The Hungarian government has put in place supportive, stable, targeted and flexible social and family policies to protect women's rights, said a Hungarian UN envoy here on Friday. Speaking at the on-going 63 Session of the Commission on the Status of Women (CSW-63), Katalin Bogyay, Hungary's permanent representative to the United Nations, said her country has doubled its budget for family policy in the past 8 years.
The event was livestreamed through socialprotection.org and it is possible to watch the recorded sessions here.
The Swedish International Development Cooperation Agency (Sida), Arbetsförmedlingen (the Swedish Public Employment Service) and the Economic Policy Research Institute (EPRI) hereby invite and welcome you to nominate candidates for this International Training Programme on Social Protection for Sustainable Development. Trusting that this training programme will contribute to the development of the social protection system in your country, we would like to invite your institution to nominate qualified candidates for participation in the programme.
The City of Tampere, Finland will test a school transport decision system that makes proposals. There is no need for guardians to apply for the right for a child’s school transport; instead, the city automatically sends the decision on the granting of the subsidy. A software robot will check the right for school transport for the school year 2019–2020.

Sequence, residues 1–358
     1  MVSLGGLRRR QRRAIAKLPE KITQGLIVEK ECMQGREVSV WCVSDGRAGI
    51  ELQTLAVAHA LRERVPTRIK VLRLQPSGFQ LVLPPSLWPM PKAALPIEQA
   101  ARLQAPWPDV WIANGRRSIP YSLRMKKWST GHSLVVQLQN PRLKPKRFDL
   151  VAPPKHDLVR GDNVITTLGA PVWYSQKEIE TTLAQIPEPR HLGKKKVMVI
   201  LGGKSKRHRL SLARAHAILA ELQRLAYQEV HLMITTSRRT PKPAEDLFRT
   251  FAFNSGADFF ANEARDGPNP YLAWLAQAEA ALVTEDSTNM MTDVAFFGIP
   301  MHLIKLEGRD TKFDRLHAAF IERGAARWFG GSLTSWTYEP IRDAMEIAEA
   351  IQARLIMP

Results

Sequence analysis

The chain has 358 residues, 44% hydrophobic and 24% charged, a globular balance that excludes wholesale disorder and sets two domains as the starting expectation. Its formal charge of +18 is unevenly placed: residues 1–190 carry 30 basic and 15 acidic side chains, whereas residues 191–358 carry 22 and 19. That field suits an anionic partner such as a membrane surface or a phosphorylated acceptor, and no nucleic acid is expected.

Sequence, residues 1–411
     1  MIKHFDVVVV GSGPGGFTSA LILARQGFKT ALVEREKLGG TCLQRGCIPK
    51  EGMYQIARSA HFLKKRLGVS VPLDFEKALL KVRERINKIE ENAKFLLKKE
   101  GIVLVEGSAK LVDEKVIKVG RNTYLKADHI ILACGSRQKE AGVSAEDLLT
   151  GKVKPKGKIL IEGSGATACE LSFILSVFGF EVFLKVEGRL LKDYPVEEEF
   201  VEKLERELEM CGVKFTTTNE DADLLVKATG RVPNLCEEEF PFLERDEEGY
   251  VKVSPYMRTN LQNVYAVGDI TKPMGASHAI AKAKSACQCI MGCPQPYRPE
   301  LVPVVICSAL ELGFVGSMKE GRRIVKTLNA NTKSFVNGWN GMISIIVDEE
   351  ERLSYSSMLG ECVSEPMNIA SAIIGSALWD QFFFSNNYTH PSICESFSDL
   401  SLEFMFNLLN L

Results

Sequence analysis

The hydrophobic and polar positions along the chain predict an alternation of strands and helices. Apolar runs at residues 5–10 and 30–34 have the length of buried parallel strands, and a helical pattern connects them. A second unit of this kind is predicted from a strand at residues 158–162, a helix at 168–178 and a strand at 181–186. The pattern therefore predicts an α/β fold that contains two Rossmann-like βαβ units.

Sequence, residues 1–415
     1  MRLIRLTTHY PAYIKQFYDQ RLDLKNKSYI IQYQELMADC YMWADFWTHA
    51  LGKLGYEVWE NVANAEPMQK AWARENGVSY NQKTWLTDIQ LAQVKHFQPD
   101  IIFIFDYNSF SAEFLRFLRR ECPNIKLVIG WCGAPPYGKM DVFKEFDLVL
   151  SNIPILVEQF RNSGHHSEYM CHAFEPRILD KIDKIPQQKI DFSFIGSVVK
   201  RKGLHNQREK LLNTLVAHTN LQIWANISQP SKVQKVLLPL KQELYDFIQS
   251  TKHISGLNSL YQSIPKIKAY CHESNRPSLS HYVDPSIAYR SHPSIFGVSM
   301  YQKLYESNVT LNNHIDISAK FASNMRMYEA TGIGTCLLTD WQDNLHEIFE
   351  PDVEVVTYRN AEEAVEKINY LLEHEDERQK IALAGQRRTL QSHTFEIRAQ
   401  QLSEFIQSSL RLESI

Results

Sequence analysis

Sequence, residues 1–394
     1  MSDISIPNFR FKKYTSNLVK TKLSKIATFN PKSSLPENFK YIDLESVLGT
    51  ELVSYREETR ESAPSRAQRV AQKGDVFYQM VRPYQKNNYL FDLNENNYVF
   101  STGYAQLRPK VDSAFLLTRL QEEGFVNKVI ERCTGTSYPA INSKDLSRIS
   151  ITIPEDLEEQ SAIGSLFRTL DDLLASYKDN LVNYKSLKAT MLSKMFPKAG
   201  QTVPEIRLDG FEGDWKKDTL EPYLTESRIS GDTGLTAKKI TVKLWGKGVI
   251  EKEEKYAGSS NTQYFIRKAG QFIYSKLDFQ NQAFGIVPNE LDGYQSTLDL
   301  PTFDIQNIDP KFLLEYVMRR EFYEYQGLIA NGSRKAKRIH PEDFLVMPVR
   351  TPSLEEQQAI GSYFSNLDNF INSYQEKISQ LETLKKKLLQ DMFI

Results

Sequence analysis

The World Bank has collaborated closely with the Government of Ukraine and civil society to advance ambitious reforms to bolster sustainable economic recovery and strengthen public services. Beneficiaries include depositors, small farm owners, the elderly—particularly women—who receive more secure pensions and better health care, and all citizens demanding accountable public institutions.
Making people work longer before they can collect their state pensions risks exacerbating social inequalities and threatens to create new gender inequalities, a report claims. Analysis by the think tank International Longevity Centre UK (ILC) found that women who struggled to reconcile longer working lives with caring responsibilities would be badly hit by changes to the law.
Representative survey results have shown a stable approval rate for implementing unconditional basic income of between 45 and 52 percent in Germany since 2016/17. In European comparison, this approval rate is low. Younger, better educated persons, and those at risk of poverty support the concept of unconditional basic income in Germany. But these demographics are not the only factors that correlate with attitudes toward unconditional basic income: subjective justice attitudes do as well.